While packing, I removed the polished limestone from the container and saw that all the snails I had put on the container floor had became attached to the limestone. One of the snails fell down and the place where it was attached became obvious (Fig. 6.9.6). The contact point is “heart-shaped” and in site “1” (Fig. 6.9.6) the polished layer does not exist; the limestone is not shining (compare to “2”). I exposed an additional two such contact points by removing the snails and there was a similar non-shining patch. The conclusion is that while the snail is attached to the hard limestone it dissolves the rock, absorbs the solution and transfers it to its shell. Hence, the snail causes the polished-shining layer to disappear and starts to “drill” a hole in the rock.
Visiting Nahal Oren on Mt. Carmel, I got a few free lessons in the formation process of the honeycomb weathering pattern. The snail population has several crevices and holes in the rocky terrain in which the snails hide between the rain showers (Fig. 6.9.7). They stay there attached by their “foot” and protected from dehydration by the hard rock, due to the low water holding capacity of the limestone. When it rains the snails resume activity and leave their hiding place to eat lichens and other lithobionts. Each time, some of the snails do not return to their place, consequently 5-7 grams of the limestone dissolved from their specific place in the rock disappears. Nature takes a long time to “do things” and during dozens and hundreds of years a hole, and later a tunnel, is formed by generations of snails.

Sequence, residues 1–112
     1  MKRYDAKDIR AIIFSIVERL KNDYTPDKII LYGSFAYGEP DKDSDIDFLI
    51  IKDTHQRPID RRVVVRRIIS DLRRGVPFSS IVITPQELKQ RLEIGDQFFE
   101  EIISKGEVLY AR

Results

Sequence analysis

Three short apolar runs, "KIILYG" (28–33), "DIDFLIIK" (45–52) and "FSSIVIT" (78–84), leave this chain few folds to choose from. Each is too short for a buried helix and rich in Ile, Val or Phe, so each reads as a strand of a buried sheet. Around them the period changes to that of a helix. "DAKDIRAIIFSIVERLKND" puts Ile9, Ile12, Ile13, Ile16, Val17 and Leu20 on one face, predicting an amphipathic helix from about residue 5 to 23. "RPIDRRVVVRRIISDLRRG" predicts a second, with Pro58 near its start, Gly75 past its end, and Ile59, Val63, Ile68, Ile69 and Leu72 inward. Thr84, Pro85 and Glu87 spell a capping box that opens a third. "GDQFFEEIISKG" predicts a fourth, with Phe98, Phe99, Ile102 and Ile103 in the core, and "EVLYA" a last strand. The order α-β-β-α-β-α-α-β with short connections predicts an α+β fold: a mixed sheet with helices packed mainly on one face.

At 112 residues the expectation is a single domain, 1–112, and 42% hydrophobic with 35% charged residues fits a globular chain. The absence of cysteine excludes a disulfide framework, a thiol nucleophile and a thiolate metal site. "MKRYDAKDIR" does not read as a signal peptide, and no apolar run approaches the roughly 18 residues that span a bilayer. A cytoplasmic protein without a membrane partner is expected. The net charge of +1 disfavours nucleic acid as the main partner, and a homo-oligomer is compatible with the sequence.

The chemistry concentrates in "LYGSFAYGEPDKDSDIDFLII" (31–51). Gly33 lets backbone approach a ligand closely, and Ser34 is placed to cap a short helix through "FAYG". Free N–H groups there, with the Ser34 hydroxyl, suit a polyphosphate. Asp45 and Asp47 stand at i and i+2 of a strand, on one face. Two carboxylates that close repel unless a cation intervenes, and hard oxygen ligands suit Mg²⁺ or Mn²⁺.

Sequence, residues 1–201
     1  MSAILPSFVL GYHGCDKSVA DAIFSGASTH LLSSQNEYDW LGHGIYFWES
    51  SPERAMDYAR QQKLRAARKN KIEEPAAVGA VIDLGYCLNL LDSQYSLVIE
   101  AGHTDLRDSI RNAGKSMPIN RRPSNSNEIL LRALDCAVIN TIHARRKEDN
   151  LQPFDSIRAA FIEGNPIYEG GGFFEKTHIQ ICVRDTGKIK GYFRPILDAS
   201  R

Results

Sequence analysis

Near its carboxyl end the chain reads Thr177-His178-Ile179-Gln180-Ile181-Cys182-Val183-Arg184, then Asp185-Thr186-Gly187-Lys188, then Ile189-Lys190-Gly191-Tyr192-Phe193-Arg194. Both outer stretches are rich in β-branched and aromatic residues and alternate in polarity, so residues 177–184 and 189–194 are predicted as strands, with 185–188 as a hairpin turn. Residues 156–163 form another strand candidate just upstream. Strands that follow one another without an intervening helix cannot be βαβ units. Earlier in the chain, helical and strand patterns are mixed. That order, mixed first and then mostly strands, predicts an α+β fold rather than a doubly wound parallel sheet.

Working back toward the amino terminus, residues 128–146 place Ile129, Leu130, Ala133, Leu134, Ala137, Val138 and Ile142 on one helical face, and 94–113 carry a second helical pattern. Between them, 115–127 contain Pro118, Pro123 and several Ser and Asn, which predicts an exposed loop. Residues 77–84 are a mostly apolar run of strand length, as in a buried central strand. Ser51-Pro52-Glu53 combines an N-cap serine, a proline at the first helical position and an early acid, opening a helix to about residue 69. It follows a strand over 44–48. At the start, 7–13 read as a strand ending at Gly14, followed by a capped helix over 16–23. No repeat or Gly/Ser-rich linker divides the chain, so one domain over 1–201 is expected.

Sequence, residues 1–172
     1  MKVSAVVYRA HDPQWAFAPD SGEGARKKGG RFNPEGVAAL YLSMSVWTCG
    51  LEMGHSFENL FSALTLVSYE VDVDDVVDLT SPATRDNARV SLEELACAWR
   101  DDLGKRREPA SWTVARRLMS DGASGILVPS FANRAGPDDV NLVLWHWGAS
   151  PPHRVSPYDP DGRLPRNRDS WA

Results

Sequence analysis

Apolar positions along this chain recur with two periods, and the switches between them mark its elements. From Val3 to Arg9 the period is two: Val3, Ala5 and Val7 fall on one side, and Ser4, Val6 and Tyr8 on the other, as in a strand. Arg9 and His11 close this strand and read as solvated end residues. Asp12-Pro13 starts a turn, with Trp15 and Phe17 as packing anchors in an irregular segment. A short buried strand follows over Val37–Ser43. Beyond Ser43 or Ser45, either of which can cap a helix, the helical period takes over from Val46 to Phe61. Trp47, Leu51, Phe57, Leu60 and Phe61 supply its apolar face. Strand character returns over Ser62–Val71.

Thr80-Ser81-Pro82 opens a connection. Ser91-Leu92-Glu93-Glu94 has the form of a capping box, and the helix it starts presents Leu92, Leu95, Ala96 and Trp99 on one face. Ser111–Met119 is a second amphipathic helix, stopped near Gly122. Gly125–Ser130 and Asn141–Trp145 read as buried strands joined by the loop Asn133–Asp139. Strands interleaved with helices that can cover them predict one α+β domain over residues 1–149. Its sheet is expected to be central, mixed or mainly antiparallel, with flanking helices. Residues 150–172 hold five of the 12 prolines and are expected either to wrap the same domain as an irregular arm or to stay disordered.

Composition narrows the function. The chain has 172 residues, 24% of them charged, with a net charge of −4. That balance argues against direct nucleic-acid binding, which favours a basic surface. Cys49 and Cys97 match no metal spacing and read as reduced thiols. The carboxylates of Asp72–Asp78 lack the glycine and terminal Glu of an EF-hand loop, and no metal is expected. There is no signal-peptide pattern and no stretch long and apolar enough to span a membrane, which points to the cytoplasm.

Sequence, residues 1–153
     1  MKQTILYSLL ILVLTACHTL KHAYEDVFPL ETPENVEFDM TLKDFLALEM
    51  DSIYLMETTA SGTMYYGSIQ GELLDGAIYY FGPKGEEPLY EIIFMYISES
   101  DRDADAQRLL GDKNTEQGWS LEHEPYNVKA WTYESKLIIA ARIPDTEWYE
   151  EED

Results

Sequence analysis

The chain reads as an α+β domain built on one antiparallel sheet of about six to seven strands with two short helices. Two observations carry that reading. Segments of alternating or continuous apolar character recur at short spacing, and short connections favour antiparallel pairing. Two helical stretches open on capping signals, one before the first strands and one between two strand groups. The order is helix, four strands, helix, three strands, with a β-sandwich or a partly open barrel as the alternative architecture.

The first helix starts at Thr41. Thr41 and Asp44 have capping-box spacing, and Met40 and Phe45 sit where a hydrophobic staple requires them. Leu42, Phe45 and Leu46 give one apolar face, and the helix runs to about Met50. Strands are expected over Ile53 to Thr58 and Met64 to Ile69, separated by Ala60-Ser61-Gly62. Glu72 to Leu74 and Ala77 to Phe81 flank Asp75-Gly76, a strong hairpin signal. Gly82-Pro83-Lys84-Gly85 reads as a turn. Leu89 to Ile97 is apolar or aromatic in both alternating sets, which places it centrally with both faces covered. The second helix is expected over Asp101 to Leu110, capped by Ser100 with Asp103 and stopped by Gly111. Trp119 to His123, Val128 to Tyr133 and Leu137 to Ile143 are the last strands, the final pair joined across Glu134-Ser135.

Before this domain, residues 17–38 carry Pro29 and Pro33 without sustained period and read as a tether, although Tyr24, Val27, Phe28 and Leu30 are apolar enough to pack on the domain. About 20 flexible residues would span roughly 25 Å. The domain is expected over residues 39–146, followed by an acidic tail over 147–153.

There were places in Mt. Carmel where the snails created small caves (Fig. 6.9.7). The ceiling of the cave has large holes populated by snails living there (“1” in Fig. 6.9.8), and the excrement of the snails accumulates on the floor. With time, this becomes a kind of humus (“2” in Fig. 6.9.8) which probably accelerates local rock dissolution. The lichens (“3”) on the rock, just above the cave, become grazed by snails whenever it rains. When inserting one’s finger into the holes in the ceiling, dissolved by snails over hundreds of years, one may touch a living snail hidden inside. It is not hard to imagine my excitement upon finding a “snail cave” near a quarry from Hasmonean times (ca. 2000 years ago), some 100-150 m south of Jaffa Gate, in the Old City of Jerusalem. There were parts of a snail shell in one of the ceiling walls of that “cave”. The snail cave was part of the natural components of the landscape of Jerusalem 2000 years ago.
After the walls of Jerusalem were built, the urban garbage thrown from the town into the public area, covered the whole area including the base of the wall, the quarry and the “snail cave”. Following the archaeological excavations of Dr. Magen Broshi in 1972, I discovered the “cave” and the last generation of its creators. I was even more excited to discover a similar weathering pattern in the Jerusalem wall from the days of the First Temple, which were discovered in the Jewish Quarter excavations (Fig. 6.9.9). From now on, when you see a stone that looks like a honeycomb (Fig. 6.9.10) you will know that it was once on one side of a crevice in a hard rock under conditions that were conducive to the development of Mediterranean vegetation.